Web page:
Our Lady’s Row, Goodramgate

Our Ladys Row

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York resident and regular contributor. Fascinated by this historic city and always keen to promote local, independent businesses. The man taking the photographs and tweeting from @Jorvik

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Goodramgate has as one of its many points of interest a row of remarkable 14thcentury cottages called Our Lady’s Row; its historical and architectural significance make it a must-see attraction.

These unassuming, plastered timber-framed cottages with pantiled roofs date from 1316 when a deed was granted for their construction in the Holy Trinity’s churchyard, Goodramgate. They are the oldest row of houses in York and one of the earliest examples in England of the medieval ‘jettied’ houses, whose upper story protrudes – or ‘jetties’ – outwards above the lower part. Built within the ancient churchyard with a separate house for the Chantry Priests the rental income, a considerable sum of money, funded the church’s maintenance and contributed to the Chantry endowment costs on a regular basis.

The cottages’ positioning consequently blocks the view of the church from Goodramgate making it a real hidden treasure. Fortunately in 1827 a proposed motion was overturned that would have seen the entirety of Our Lady’s Row demolished and York would have lost these fine buildings. Holy Trinity’s churchyard would have then been exposed to Goodramgate; however, the former Chantry Priest’s house was demolished due its dangerous and dilapidated state.

Plaque on Or Lady's Row

Plaque on Our Lady’s Row

The cottages are remarkable for their ample overhangs so designed for the easier disposal of human waste – though not sparing the unfortunates below. They would have been built as accommodation for the poorer classes of the time. Originally the row measured 128 feet long by 18 feet deep with two storeys and eleven bays; each bay formed a single dwelling having one room on each floor although it is known that at least one apartment occupied two bays.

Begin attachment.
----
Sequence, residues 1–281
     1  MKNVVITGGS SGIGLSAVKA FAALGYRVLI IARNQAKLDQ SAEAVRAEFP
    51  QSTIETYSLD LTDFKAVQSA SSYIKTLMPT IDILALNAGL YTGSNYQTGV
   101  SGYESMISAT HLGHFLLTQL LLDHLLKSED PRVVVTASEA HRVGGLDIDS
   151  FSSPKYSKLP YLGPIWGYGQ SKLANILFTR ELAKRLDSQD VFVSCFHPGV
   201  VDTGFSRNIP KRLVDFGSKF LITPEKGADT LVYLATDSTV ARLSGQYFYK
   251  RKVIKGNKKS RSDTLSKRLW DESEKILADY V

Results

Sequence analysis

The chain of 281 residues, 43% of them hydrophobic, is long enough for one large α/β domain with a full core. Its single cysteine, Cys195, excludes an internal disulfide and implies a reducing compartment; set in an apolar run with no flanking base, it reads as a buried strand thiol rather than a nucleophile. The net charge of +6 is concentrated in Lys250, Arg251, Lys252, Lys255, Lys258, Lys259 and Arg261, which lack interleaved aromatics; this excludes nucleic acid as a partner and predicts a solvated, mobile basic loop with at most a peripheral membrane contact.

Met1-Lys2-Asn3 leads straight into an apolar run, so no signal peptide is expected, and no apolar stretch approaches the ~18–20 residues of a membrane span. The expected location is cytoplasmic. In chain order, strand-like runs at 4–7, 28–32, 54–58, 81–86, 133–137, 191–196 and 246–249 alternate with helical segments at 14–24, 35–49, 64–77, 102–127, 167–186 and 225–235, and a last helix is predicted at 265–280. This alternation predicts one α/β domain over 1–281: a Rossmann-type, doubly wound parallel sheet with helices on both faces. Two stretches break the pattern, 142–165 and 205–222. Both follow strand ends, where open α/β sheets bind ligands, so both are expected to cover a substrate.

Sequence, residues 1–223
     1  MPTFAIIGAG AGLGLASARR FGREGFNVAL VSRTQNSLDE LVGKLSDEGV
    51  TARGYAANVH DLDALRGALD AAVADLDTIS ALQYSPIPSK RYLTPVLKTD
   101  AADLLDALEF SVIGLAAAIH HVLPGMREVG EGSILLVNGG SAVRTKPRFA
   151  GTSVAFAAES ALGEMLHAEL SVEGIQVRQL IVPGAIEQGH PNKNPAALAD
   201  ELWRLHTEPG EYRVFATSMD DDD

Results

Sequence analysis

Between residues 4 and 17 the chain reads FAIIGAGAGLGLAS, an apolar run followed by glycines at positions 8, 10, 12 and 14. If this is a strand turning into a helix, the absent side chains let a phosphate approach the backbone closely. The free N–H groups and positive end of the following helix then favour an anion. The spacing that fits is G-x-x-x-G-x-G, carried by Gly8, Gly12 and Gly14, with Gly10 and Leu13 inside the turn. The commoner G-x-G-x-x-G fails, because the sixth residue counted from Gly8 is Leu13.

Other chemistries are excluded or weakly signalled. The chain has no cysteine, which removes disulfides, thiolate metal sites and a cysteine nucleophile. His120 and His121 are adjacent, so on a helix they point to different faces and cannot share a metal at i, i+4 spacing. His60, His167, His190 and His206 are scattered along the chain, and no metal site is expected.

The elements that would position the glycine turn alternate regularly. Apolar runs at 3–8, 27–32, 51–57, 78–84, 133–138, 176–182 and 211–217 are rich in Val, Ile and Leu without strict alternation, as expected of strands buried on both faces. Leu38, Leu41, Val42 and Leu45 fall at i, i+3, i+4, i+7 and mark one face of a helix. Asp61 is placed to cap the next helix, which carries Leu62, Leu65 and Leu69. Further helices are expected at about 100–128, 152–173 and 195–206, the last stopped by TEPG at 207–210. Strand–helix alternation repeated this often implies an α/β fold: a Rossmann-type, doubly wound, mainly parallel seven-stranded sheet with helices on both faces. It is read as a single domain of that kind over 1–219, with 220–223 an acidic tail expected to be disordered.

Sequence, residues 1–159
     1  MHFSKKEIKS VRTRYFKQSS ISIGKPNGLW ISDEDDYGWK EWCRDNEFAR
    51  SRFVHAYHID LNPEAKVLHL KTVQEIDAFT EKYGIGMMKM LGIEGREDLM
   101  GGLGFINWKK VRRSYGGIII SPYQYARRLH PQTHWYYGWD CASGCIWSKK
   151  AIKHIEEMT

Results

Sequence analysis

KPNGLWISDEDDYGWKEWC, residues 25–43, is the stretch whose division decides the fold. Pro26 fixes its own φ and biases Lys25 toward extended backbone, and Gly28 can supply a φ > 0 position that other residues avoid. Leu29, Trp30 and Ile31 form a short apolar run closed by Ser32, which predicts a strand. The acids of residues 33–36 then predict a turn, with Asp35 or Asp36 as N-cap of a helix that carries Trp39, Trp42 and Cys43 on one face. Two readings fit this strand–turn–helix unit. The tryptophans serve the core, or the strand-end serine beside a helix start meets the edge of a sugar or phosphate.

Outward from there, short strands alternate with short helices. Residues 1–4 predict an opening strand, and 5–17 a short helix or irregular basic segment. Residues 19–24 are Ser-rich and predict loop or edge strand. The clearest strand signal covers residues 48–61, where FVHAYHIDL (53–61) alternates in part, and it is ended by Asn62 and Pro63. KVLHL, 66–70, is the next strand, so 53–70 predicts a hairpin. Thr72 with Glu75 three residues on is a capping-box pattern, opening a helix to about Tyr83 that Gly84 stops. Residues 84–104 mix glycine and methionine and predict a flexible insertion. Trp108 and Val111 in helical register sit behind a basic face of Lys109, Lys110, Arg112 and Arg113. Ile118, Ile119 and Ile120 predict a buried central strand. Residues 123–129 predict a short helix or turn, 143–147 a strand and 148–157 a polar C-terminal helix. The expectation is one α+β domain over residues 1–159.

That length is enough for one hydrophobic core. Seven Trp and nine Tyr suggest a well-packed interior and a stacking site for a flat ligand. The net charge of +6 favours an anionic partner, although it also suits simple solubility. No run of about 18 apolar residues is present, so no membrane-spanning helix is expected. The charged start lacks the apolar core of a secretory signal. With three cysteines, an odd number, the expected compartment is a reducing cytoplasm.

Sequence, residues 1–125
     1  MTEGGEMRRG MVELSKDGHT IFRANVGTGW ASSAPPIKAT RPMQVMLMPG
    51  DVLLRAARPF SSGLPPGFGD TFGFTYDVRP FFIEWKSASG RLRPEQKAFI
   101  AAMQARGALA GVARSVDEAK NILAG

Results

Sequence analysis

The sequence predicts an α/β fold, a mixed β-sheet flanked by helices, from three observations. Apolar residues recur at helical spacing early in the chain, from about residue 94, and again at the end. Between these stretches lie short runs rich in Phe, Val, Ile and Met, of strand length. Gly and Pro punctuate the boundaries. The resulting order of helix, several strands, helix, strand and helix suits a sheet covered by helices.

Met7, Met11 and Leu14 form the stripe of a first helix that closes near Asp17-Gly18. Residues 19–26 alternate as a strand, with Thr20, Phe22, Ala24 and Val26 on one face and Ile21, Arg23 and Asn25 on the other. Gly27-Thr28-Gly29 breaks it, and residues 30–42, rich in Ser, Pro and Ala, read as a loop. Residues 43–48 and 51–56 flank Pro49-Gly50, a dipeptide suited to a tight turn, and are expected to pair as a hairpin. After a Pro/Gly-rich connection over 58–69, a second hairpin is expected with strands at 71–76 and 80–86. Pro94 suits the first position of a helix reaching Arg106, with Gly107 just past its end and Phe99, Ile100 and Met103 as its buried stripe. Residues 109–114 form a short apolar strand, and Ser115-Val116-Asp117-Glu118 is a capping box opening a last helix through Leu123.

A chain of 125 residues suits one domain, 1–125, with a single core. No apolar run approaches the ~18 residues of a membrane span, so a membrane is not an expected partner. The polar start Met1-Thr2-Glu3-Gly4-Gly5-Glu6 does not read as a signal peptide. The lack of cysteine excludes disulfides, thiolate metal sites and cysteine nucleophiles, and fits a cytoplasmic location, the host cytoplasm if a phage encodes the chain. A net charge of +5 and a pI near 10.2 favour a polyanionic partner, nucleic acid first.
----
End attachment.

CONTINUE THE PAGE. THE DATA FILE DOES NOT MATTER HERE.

The row’s back elevation, none of which was ever ‘jettied’, is plainly plastered, and has brick facing nearer to ground level. The majority of the windows are simple horizontal sliding sash windows known as Yorkshire sash and none of these are earlier than18th century.

The house at the south end of the row was demolished in the mid 18th century and a new archway to the churchyard was built on its site. The next two houses going northward made up The Hawk’s Crest public house from around 1796 to 1819.

Some of the bays were rebuilt shortly before 1784 by a certain John Lund and transformed into two matching three-storey brick houses. In the early mid-19th century the house at the north end was heightened to three storeys with a narrow extension added built above the old entrance to the nearby churchyard; this was The Noah’s Ark public house in 1878.

Number 60’s first floor has a dragon-beam, also called a dragon tie (a horizontal timber beam running diagonally into a corner angle); this shows that the end wall was originally ‘jettied’ in the direction of the former churchyard entrance.

Though much of Our Lady’s Row has undergone considerable external change the basic structure of seven of the bays is chiefly intact today although others have been replaced by much loftier brick buildings. Careful monitoring and conservation work means Our Lady’s Row is maintained for posterity.

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